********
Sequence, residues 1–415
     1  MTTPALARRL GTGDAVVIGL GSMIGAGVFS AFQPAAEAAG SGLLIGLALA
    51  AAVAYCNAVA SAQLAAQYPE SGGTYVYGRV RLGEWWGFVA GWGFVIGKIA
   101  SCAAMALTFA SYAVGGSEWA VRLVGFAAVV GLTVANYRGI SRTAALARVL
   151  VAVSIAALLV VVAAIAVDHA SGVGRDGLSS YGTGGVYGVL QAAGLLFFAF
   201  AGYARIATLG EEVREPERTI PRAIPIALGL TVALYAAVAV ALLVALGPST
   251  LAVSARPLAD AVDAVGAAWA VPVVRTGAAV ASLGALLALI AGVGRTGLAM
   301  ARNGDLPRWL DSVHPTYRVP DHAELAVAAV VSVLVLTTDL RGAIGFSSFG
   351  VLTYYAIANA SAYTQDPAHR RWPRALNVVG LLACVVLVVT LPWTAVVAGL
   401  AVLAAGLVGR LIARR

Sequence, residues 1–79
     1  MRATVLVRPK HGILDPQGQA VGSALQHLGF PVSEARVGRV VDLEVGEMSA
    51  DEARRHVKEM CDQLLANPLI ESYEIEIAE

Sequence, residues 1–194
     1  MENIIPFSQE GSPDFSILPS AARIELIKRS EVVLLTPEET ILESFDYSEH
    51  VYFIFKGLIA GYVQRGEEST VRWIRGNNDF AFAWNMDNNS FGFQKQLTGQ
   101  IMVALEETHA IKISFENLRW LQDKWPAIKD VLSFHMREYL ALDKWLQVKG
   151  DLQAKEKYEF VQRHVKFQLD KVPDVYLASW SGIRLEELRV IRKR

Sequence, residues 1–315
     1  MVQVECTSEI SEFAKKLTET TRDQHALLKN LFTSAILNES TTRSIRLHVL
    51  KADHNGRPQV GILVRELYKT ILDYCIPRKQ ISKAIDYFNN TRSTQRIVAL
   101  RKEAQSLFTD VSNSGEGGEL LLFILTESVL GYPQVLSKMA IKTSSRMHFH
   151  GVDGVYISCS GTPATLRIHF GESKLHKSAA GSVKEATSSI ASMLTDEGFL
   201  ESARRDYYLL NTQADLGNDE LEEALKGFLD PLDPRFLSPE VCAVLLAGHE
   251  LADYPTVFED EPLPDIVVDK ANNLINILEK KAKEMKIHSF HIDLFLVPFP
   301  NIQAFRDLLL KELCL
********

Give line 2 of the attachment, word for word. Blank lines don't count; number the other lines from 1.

     1  MTTPALARRL GTGDAVVIGL GSMIGAGVFS AFQPAAEAAG SGLLIGLALA